The mental health expert patient: findings from a pilot study of a generic chronic condition self-management programme for people with mental illness
Pols, Rene Gaston
Lawrence, John Stephen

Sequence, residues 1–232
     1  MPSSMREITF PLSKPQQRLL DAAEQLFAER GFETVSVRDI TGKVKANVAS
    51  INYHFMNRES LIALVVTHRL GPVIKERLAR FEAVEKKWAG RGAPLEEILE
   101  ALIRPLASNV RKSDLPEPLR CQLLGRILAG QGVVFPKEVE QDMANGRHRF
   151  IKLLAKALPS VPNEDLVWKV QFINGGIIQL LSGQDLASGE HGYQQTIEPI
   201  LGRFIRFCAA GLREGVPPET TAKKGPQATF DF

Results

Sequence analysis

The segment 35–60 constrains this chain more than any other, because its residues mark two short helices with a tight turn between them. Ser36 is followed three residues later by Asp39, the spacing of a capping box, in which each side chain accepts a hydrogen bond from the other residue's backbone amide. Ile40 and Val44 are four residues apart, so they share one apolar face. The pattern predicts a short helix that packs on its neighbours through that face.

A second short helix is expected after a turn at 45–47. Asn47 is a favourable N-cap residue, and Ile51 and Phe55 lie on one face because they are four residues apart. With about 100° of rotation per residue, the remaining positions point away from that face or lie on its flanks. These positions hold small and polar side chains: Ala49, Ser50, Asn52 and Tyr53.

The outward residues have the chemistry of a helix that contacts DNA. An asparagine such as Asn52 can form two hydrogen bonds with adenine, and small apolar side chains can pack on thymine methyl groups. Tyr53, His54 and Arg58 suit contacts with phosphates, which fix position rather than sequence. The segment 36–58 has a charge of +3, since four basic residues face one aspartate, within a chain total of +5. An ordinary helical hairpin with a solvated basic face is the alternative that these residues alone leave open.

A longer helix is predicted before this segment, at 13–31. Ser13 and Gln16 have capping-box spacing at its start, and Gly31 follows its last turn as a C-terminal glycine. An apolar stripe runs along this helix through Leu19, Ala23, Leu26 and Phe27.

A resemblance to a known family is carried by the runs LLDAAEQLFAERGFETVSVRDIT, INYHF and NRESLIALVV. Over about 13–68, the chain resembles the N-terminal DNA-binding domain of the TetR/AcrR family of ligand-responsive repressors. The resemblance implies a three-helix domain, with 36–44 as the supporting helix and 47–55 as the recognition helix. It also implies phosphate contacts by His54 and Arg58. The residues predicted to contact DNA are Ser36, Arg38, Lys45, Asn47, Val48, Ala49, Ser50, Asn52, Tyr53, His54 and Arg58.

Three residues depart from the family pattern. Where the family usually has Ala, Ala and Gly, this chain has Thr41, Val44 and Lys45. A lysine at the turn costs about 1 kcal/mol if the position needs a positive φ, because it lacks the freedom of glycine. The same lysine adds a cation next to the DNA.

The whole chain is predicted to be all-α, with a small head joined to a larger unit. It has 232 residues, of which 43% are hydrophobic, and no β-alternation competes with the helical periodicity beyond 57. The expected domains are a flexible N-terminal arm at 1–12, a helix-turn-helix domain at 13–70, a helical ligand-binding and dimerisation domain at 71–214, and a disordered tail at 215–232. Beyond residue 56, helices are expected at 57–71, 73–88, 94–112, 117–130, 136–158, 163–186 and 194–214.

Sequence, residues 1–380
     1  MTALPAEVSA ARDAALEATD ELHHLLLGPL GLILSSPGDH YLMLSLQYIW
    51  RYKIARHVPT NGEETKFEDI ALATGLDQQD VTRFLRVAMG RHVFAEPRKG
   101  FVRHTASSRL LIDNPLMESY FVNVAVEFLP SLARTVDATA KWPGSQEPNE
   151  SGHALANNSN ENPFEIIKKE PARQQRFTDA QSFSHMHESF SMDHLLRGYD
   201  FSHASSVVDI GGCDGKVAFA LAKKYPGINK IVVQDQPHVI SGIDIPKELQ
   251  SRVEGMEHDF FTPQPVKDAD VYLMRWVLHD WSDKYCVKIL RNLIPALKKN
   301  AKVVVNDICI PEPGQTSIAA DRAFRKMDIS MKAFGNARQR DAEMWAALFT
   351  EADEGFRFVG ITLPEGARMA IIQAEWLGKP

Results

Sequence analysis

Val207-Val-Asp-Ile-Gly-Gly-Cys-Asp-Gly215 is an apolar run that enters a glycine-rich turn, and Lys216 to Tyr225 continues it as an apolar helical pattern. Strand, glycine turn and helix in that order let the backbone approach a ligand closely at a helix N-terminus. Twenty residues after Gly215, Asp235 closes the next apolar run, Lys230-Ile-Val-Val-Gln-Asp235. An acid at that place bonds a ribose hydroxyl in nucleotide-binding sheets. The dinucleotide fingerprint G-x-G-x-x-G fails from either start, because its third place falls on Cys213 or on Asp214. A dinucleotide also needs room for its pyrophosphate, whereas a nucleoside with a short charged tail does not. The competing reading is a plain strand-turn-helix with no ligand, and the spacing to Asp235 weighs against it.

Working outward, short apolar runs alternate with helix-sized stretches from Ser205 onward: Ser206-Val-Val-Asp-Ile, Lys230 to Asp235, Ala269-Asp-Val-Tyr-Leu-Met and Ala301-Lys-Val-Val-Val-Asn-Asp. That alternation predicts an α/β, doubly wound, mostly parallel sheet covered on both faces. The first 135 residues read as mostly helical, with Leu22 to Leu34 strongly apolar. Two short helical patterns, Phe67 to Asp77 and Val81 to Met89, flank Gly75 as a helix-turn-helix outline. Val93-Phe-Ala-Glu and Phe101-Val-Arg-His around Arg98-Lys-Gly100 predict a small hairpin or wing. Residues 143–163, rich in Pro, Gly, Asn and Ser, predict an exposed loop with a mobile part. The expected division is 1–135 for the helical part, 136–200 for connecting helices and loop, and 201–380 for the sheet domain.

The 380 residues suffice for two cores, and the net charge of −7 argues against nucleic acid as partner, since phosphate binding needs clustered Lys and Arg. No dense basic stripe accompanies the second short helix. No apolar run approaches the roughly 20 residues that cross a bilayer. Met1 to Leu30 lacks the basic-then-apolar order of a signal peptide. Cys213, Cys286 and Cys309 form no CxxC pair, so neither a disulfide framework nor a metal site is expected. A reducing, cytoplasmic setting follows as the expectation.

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Background Less than optimal outcomes and escalating costs for chronic conditions including mental illness have prompted calls for innovative approaches to chronic illness management. Aims This study aimed to test the feasibility and utility of combining a generic, clinician administered and peer-led self-management group approach for people with serious mental illness. Method General practitioners and mental health case managers used a patient-centered care model (the Flinders Model) to assist 38 patients with serious mental illness to identify their self-management needs, and match these with interventions including Stanford peer-led, self-management groups and one-to-one peer support. Self-management and quality of life outcomes were measured and qualitative evaluation elicited feedback from all participants. Results Collaborative care planning, combined with a problems and goals focused approach, resulted in improved self-management and mental functioning at 3 to 6 months follow up. The Stanford self-management course was applicable and acceptable to patients with serious mental illnesses. Qualitative feedback was highly supportive of this approach. Conclusions Generic, structured assessment and care planning approaches, resulting in self-management education targeted to the individual, improved self-management and quality of life. Patients and service providers reported considerable gains despite the challenges associated with introducing a generic model within the mental health and general practice sector.
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